Eden Roshberg may be Sanibel's youngest secret.
The fifth-grader has stepped far outside the circle of boyhood pursuits like chewing bubblegum and chasing snakes, choosing an activity adults would find challenging.
If old enough, the 10-year-old would be a licensed pilot, having accrued 40 hours of flight time in a small Cessna. Sixteen is the legal age for flying solo. He has piloted his parents across the state, jockeyed a space shuttle simulator in east Florida, dreams of designing a plane and flying a commercial airliner, has even been profiled by a Sanibel filmmaker.
He has named his aircraft design and manufacturing company Exsetta because "it sounds cool," he said.
The documentary "Growing Up on Sanibel" premiered at the BIG ARTS cultural complex in April. The 5-minute video of Eden flying a small plane is shown on YouTube. A Fort Myers instructor co-pilots Eden's adventures.
Having time this summer at Cape Canaveral in a space shuttle simulator, he'll have plenty of show-n-tell material upon returning to school in a couple of weeks.
"Flying is fun," said Eden, who turns 11 in October and has worked on his instrument and multi-engine ratings, all nestled atop a packet of pillows to see over the plane's dash. "And the more mature kids understand what I do. The others don't believe me."
Eden was introduced early. He flew as an airline passenger to France at age 2, picturing in his mind crossing the Atlantic "how amazing it was," he said. "And that one day I would be a pilot." That exhilaration was further cemented with a cockpit tour, he said.
By age 9, Eden's parents decided their son's obsession with flight video games and drawings needed a serious outlet. Paul and Valerie Roshberg offered Eden a discovery flight at a Fort Myers flight school. He took to flying like a swift, Paul Roshberg said. Eden in the last year logged enough flight time to qualify as a private pilot. His instructors at Paragon Flight hover as the boy conducts pre-flight checks, taxis, takes off, flies and lands the plane, Paul Roshberg said. Both parents relax in the back seat as their son steers them over Florida.
"We got used to it," said Roshberg, a Sanibel merchant who has stopped rolling his eyes when the curious ask about his son; it's no longer a novelty.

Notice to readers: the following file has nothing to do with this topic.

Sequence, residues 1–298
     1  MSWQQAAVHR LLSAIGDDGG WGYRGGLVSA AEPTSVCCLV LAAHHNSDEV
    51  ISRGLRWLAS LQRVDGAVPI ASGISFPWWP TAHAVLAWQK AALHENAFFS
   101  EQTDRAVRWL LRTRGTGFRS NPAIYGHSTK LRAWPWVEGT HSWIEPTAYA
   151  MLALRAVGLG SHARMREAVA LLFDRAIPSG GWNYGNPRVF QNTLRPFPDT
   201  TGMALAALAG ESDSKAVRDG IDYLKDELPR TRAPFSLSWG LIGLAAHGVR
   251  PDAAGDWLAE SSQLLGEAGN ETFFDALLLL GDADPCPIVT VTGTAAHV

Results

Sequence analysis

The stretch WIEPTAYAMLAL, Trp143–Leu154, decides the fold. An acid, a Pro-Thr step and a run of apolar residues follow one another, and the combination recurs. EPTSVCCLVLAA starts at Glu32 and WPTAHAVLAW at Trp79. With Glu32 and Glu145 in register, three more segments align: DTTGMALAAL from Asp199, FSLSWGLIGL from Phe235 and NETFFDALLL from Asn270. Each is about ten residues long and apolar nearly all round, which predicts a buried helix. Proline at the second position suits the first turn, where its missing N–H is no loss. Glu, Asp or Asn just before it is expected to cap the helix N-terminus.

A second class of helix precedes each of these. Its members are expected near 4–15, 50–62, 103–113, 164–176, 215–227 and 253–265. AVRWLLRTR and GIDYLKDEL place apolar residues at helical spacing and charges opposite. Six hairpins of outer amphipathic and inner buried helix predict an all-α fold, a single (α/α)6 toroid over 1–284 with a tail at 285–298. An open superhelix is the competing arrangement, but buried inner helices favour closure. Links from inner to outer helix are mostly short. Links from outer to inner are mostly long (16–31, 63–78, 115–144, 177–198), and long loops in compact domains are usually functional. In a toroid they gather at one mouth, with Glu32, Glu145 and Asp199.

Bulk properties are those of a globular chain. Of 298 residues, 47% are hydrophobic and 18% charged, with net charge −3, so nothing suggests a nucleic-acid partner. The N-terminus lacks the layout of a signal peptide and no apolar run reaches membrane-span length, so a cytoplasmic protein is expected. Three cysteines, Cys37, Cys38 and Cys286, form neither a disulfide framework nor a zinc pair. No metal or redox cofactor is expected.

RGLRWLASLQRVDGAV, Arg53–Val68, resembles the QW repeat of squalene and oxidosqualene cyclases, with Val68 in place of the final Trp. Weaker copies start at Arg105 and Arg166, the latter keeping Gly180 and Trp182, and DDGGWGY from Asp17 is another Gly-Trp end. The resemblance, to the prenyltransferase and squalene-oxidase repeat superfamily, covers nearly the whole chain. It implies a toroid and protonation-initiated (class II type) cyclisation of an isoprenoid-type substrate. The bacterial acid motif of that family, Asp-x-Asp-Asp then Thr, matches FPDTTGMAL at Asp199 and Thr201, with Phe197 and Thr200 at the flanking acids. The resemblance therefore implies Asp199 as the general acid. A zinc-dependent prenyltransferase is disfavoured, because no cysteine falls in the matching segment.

"Eden is not just playing," Valerie Roshberg said of her son. "He's that good, and that serious."
Still, it's difficult to digest a small boy zooming Florida skies at one hundred miles an hour, especially at a first introduction at the family's art and frame shop where Eden has a special corner. He's not short, but not tall, either. You know he can't see without the stacked pillows that sometimes slide as he flies. Time outdoors and his eyes are ringed in white like a sport-fisherman. But it's his presentation that bowls over doubters; very bright, highly personable, polite, a good listener and comfortable inside himself, Eden appears years beyond his age. He shares his passion in drawings and planes he assembles of cardboard. Listeners find themselves nodding in agreement with his ideas, forgetting that his peers are riding bicycles.
He also has a few funny stories to share. In one cross-state flight, the ground crew at a small airport nearly fell over as the boy emerged from the cockpit, he said. They stood in puzzlement because only the pilot's head was above the dash, the adult instructor in full view in the co-pilot's seat, he said.
"They've never seen that before," he said.
Dealing with tower controllers is the one issue that annoys Eden. Most mistake his identity, he said.
"They say 'OK, ma'am,'" he said. "And I say 'excuse me, I'm not a lady, I'm a young man.' Most of them know by now I'm a boy."